You have won the diplomatic battle. But you risk losing the international goodwill you have gained if you do not overcome your own internecine divisions, and worse, if you descend to the level of your adversaries, using similar inhumane tactics against captured adversaries.
Second: be patient. It is possibly your best weapon. The regime is running out of options.
What it does still have is enough fire power and loyalty among its army and certain sectors of the society to continue to inflict widening carnage on its citizenry. In the face of the regime's military superiority, to challenge it militarily is to define the battle where they are the strongest.
When you are weak militarily, you try to outfox the other side politically and diplomatically. Use the goodwill you have gained strategically.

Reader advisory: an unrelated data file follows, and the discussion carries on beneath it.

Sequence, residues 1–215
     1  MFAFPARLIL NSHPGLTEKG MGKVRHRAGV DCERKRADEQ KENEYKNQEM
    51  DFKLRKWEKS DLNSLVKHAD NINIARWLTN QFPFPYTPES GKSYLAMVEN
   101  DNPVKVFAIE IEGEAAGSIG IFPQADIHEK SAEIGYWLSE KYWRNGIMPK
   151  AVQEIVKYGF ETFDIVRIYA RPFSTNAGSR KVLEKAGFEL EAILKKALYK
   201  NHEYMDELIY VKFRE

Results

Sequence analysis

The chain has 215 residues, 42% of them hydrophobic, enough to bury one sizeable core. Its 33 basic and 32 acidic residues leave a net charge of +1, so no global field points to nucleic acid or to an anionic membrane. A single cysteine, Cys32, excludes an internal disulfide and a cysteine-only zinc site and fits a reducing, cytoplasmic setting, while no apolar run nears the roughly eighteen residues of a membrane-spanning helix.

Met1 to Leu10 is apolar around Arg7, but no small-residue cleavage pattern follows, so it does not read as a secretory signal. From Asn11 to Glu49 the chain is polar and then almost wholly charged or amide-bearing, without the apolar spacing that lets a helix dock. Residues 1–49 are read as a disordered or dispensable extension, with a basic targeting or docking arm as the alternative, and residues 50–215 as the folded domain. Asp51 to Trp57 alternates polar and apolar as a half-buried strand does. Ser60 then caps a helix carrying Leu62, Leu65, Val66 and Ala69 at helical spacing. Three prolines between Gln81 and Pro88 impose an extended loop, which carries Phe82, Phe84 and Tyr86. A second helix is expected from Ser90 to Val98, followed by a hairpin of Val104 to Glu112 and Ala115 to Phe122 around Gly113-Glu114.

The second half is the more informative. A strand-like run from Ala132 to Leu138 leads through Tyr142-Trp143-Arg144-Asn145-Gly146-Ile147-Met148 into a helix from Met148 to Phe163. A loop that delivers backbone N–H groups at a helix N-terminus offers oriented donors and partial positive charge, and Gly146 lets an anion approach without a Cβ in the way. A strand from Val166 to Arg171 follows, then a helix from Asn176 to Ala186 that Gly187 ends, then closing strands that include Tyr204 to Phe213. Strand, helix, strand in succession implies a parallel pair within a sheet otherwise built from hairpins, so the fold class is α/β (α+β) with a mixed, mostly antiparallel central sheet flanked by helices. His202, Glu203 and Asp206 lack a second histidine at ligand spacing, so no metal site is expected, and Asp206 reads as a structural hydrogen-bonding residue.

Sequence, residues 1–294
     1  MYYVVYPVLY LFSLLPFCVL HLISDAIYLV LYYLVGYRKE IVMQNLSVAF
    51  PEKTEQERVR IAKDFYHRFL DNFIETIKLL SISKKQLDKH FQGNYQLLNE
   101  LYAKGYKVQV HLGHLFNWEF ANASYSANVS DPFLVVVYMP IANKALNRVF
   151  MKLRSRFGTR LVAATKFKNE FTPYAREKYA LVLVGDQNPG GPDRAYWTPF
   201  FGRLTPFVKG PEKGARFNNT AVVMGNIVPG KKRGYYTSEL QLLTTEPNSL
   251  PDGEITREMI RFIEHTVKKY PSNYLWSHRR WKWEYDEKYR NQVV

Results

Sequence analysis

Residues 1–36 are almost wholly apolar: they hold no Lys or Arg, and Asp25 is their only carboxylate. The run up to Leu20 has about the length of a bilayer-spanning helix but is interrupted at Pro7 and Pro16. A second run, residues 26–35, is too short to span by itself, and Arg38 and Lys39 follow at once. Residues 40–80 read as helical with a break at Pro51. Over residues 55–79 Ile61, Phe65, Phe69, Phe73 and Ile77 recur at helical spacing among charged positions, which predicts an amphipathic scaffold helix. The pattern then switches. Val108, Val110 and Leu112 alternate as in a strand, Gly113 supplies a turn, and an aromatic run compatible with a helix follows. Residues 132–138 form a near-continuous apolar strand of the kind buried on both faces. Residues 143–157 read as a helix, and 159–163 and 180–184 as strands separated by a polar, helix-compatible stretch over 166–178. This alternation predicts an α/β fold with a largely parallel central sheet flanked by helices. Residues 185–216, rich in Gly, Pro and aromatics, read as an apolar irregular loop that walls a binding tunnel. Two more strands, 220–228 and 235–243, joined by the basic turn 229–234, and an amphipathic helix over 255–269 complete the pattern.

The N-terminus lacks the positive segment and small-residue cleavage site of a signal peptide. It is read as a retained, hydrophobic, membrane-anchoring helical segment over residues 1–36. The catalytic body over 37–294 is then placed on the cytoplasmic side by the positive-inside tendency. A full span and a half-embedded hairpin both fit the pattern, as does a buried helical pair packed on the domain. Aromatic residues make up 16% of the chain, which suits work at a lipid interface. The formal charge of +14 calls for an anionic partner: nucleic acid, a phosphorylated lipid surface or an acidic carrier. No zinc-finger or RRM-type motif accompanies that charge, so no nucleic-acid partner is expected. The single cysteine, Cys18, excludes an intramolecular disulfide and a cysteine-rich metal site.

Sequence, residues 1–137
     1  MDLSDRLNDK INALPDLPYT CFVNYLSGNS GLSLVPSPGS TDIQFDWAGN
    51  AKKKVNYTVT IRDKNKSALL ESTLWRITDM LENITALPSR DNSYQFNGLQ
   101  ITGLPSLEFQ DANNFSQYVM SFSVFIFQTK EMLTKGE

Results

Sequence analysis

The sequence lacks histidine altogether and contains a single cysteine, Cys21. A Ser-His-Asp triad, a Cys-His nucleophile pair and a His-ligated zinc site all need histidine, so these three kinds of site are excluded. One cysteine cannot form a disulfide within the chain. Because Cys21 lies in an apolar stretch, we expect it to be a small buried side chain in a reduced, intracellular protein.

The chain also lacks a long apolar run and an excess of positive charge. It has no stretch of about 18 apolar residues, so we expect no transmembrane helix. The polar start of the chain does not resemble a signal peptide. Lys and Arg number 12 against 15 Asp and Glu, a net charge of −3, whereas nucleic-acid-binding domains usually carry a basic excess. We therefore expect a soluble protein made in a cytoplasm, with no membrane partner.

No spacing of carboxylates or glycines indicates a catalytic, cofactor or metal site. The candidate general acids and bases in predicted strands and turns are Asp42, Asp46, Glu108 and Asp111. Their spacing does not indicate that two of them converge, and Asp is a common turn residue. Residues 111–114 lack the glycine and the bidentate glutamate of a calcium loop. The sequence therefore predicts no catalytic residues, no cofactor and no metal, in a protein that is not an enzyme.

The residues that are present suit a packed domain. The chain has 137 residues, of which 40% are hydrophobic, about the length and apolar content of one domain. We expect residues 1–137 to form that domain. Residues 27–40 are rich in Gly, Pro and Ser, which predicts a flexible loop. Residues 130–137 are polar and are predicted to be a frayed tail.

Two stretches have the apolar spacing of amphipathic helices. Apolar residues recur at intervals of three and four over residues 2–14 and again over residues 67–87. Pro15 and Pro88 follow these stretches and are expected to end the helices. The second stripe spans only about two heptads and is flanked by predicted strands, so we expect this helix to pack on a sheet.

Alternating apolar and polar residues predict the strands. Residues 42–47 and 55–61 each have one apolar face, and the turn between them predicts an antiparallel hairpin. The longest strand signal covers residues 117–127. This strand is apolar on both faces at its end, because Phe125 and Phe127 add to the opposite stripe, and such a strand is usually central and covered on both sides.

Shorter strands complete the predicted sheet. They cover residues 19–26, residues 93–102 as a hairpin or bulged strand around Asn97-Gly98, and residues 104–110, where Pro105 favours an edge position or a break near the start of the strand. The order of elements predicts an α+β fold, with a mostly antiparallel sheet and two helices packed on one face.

Third: be pragmatic and smart. Accept the Annan Plan, and step into the peace and political process. This is where you can outsmart the regime with cunning patience. In this globalized world and Arab Spring fervor, the days of regimes such as the one you face in Syria are numbered. As you play a constructive role within the Annan Plan, you will win over the trust of those still hesitant or entrenched within the al-Assad regime, including the powerful army. You would further consolidate support in your region and in the world.
We know there are serious risks in playing political chess with the regime; your leaders can be assassinated or co-opted. But you have shown us now how capable you are of enduring risk for the ultimate prize.
There are more actions the international community can take that are still short of a sea blockade and air campaign. For instance, in the coming months the Arab League should lead efforts in the United Nations Credentials Committee and the General Assembly to reject the accreditation of the al-Assad's regime delegation.